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 »  Articles Overview  »  Business of Translation and Interpreting  »  Business Issues  »  Found in translation – meet Alice, Bob and Carol

Found in translation – meet Alice, Bob and Carol

By Vito Smolej | Published  12/8/2005 | Business Issues | Recommendation:
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Honey, this drink sure tastes strange

What's better for a freelancer than to have just an agent or two, make it three. They know you and you know them, you deliver and they deliver, and the word TRUST is stamped all over this relationship… sigh.When I started, I could not afford to be too choosy, so everybody, literally everybody was welcome. Since then I worked for many a client and I would not like to miss anyone of them. Except there's three of them who I could easily get by without. But then again, I would be missing a lesson.

Let's call these three Alice, Bob and Carol. They have nothing to do with each other, so statistically speaking, their way of doing business is typical for a certain group of people, we would all rather prefer to avoid. What's their common traits? They all advertised their jobs on ProZ. They did not haggle much over prices and in no time they all sent me a PO and the material to be translated, with the rather stringent deadlines to boot. I did the translations, added the invoices, sent it all out and that was the end of the story in all three cases: I never saw any money. Or ever heard from them again.

Alice, Bob and Carol cost me 7000 words in lost revenues. Yes, these three orders were really toxic. On the other hand, I did not die, I just had some indigestion. But even that could be avoided, if I did my due dilligence. What could I do to limit my risks?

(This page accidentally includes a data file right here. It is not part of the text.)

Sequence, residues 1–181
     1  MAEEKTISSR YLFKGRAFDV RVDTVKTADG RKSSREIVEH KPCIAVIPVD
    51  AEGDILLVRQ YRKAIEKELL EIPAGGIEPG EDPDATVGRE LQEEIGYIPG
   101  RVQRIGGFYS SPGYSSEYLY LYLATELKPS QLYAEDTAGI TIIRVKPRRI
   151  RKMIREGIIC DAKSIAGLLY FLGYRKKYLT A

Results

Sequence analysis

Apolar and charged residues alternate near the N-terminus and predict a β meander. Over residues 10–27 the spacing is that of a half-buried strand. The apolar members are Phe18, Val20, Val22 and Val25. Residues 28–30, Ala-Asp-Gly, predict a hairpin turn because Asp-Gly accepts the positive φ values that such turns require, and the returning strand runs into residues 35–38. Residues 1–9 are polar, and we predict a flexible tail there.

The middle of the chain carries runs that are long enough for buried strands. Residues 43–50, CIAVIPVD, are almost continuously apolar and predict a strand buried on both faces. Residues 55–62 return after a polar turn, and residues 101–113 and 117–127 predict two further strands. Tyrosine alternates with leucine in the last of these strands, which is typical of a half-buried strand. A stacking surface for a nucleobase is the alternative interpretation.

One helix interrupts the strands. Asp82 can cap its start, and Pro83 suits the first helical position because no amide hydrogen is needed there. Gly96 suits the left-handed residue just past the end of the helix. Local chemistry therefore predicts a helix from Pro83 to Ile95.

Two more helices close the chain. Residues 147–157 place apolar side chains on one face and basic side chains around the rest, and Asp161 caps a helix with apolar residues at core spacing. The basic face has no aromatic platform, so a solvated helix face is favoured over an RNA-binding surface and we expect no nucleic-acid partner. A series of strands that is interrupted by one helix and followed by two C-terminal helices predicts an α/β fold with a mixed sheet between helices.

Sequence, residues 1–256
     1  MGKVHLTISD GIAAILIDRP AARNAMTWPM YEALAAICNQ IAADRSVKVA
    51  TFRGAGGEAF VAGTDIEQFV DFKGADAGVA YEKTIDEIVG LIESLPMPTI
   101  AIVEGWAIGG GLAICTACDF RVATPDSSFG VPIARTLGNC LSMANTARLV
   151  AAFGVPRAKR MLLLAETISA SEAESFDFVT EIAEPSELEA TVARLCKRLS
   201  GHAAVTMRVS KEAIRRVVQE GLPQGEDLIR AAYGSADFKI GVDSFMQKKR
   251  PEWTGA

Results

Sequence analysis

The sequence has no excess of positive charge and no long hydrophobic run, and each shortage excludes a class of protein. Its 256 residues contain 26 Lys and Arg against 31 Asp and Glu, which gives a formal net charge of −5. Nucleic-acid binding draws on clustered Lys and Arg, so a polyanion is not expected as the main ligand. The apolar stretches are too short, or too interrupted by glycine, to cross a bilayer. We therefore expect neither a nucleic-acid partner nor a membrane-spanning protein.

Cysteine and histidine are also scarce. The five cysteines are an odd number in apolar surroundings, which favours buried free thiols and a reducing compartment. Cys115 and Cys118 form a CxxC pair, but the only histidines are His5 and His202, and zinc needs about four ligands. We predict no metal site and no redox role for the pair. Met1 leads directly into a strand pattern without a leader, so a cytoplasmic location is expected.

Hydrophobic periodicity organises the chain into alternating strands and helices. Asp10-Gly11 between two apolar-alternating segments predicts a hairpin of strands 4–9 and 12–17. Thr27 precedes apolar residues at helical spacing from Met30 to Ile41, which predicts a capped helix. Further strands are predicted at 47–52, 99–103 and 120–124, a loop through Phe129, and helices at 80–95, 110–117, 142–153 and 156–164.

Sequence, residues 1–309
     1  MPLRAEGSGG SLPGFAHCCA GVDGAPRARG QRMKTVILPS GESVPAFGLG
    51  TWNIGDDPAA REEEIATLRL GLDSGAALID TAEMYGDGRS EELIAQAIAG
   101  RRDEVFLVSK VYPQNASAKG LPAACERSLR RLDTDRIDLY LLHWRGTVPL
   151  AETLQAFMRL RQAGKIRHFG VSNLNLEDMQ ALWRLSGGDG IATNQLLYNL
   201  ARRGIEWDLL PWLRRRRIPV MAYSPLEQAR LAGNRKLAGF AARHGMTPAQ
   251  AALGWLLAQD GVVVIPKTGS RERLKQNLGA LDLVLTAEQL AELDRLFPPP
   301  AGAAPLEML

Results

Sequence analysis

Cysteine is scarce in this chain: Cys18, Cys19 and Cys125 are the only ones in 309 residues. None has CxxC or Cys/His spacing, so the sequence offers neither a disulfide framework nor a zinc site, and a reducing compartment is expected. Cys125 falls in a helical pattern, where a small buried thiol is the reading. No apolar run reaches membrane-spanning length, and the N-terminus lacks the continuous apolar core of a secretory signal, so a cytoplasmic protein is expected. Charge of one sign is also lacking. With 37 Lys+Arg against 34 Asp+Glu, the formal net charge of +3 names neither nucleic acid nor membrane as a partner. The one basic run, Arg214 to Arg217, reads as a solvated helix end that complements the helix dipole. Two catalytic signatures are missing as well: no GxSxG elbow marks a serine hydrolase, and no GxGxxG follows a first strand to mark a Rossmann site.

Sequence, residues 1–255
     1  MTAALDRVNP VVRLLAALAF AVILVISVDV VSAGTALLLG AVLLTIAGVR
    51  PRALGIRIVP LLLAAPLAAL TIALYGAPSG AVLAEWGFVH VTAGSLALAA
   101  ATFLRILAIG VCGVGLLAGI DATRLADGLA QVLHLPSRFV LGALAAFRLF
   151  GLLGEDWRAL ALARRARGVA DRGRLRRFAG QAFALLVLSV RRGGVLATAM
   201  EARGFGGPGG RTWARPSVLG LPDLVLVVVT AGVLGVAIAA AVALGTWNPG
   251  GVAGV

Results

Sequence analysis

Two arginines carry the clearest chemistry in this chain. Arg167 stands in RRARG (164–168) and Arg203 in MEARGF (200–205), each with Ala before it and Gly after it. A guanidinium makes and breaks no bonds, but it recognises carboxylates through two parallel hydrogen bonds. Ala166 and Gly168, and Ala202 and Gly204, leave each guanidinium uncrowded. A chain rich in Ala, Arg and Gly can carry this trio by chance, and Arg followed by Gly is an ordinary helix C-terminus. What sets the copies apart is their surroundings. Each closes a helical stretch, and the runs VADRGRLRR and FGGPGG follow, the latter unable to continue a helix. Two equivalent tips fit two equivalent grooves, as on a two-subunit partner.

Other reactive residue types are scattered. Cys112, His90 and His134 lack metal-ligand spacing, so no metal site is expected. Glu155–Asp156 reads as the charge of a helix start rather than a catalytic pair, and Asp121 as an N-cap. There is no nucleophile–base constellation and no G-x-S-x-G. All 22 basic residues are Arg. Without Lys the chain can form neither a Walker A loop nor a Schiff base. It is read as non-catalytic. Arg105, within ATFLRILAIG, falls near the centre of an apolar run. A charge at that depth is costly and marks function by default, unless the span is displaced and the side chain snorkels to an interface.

check the Blue board

The first measure is so evident: I could check the ProZ' Blue Board. If I did it, I would know that

a) Alice is a nobody – without any references.
b) Bob is a nobody as well.
c) Carol has had a very poor record: at the time of my accepting their business, their BB record was somewhere between "You REALLY sure?" and "you gotta be joking".

Again, I could have checked BB. But I did not, although by that time I was platinum member of ProZ. I think I felt it makes sense, but not THAT much. Another example of a customer having no idea he's buying. Now I know: the income I lost this way is in the order of app. 5 years of platinum membership. There's nothing like a free lunch. But, it may turn out to be relatively cheap, eventually.

What else could you do in my position?

Limit your risks

You have to make up your mind on how much of your work is allowed to be hanging in the air. And then stick to it.If you have set the limit to let's say a maximum of 500$ of unpaid invoices from new, untested customers, you just do not acquire and/or accept any more work. And don't get greedy, it is bad for your eye sight – you may stop seeing green.

Check conditions

Carol asked for and got a 60 days net conditions. Not that it made any difference on the receiving end of the shaft. But it could be another hint for me to go and check her credentials, which would show she's into some kind of a Ponzi scheme (robbing Peter to pay Paul). I just did not notice.

Out there in the translational snow, rain and sleet, it does not smell roses all the time. But at least you don't have to stand there like an idiot and let it go over you. Use an umbrella.

I assume you have one, don't you? Why don't you open it?

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